More than 102 million Americans have an elevated cholesterol level, and many more are at risk.1 So if you have a normal cholesterol level now, then it’s important to understand what cholesterol is (and isn’t) and how lifestyle changes and Thorne’s LipoCardia® will help maintain a healthy cholesterol level.*

First of all, recognize that cholesterol is not “bad.” It’s an important fatty compound that is made in the liver and is also found in some foods. Cholesterol travels through the bloodstream packaged in molecules called lipoproteins.

Cholesterol is important because it is a major constituent of the cell membrane, and it is necessary for the formation of hormones like testosterone and estrogen, for vitamin D, and for other important bodily compounds. The problems start when we have too much of one kind of cholesterol and not enough of the other. 

What makes bad cholesterol bad

Low-density lipoprotein cholesterol (LDL-cholesterol) is considered to be the “bad” cholesterol – but it’s only bad when there is an excess of it. Excess LDL-cholesterol affects one in three U.S. adults, which can contribute to plaque build-up in the arteries (atherosclerosis).

Plaque build-up, in turn, can lead to a heart attack or stroke.

Certain types of LDL cholesterol – oxidized LDL and small, dense LDL particles, which are more susceptible to oxidation, and high numbers of LDL particles (LDL-P) – are more likely to cause lesions in the blood vessels and lead to plaque accumulation than larger, non-oxidized LDL, thus increasing the risk of coronary heart disease and heart attack.

What makes good cholesterol good

The “good” cholesterol is HDL-cholesterol. What makes it good is that its primary function is to carry cholesterol back to the liver where it is removed from the body. It also serves other functions that reduce inflammation, oxidative stress, and immune dysfunction.

So you can see that your total cholesterol level is only one measure of your cholesterol risk.

Advanced lipid testing, which measures the size and number of LDL and HDL particles, as well as VLDL (very low-density lipoprotein), is now recommended in place of the now outdated blood tests that only measure total levels of LDL, HDL, and VLDL.

If you’re concerned about your cholesterol level, then you should have those tests performed and adopt or maintain lifestyle changes such as eating a healthy diet and getting exercise. You can also take nutritional supplements that will help maintain already healthy cholesterol and triglyceride levels.*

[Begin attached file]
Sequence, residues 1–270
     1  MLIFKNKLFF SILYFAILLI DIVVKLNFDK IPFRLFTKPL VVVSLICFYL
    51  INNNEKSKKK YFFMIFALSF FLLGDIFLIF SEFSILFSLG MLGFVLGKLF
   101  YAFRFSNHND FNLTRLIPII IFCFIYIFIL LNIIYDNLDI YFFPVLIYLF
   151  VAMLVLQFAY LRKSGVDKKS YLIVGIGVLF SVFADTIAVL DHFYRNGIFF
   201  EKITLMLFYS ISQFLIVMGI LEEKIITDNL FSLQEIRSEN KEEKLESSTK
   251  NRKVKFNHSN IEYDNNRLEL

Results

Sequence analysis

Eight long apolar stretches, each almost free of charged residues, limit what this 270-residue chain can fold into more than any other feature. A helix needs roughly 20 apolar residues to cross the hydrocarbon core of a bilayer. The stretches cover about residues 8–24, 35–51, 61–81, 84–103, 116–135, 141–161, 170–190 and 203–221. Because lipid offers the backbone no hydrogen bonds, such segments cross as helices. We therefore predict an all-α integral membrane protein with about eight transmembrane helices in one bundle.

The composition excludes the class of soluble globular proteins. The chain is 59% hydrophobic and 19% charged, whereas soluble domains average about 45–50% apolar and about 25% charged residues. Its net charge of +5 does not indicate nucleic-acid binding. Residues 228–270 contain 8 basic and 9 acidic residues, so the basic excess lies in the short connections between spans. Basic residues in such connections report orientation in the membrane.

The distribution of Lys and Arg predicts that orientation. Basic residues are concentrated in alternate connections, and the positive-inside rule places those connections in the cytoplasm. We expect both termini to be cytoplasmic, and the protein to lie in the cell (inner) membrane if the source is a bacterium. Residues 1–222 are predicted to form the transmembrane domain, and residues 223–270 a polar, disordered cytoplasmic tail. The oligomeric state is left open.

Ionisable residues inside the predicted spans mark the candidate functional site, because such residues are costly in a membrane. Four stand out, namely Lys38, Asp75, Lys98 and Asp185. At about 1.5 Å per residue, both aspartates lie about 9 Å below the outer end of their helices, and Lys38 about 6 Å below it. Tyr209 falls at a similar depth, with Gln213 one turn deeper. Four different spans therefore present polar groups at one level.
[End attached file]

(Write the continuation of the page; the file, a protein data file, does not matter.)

LipoCardia is a Thorne exclusive

Omega-3 fish oils are helpful for maintaining already normal triglyceride and LDL-P levels.* But for a comprehensive approach to maintaining healthy cholesterol and triglyceride levels, there’s Thorne’s LipoCardia.*

LipoCardia is a unique blend of botanicals and nutrients that supports a healthy lipid profile.* In fact, it supports 38 mechanisms that promote cardiovascular health.*

It helps maintain already normal lipid levels (LDL, LDL-P, LDL size, HDL, HDL-P, HDL size, HDL function, and triglycerides), and it provides comprehensive support for the quantity and quality of lipid particles.*

It promotes vascular endothelial function and helps maintain a normal inflammatory response to vascular insults, provides antioxidant support to offset LDL oxidation, and safely supports lipid metabolism without significantly lowering the level of CoQ10.*

Backed by clinical research

Co-developed by Thorne and Dr. Mark Houston of the Hypertension Institute in Nashville, Tennessee, LipoCardia is backed by clinical research. In a double-blind, placebo-controlled clinical trial, subjects taking LipoCardia achieved results that benefit coronary health.2

LipoCardia’s formula brings together a number of key heart and vascular support nutrients that offer substantial savings over buying those supplements separately.

LipoCardia can be used with a diet and lifestyle approach to maintaining cardiovascular health or as an add-on to other heart and blood vessel nutritional support products.


  1. American Heart Association. Heart Disease and Stroke Statistics – 2010 Update. Available on the American Heart Association website: [Accessed July 31, 2018]
  2. Houston M, Rountree R, Lamb J, et al. J Biol Regul Homeost Agents 2016;30(4):1115-1123.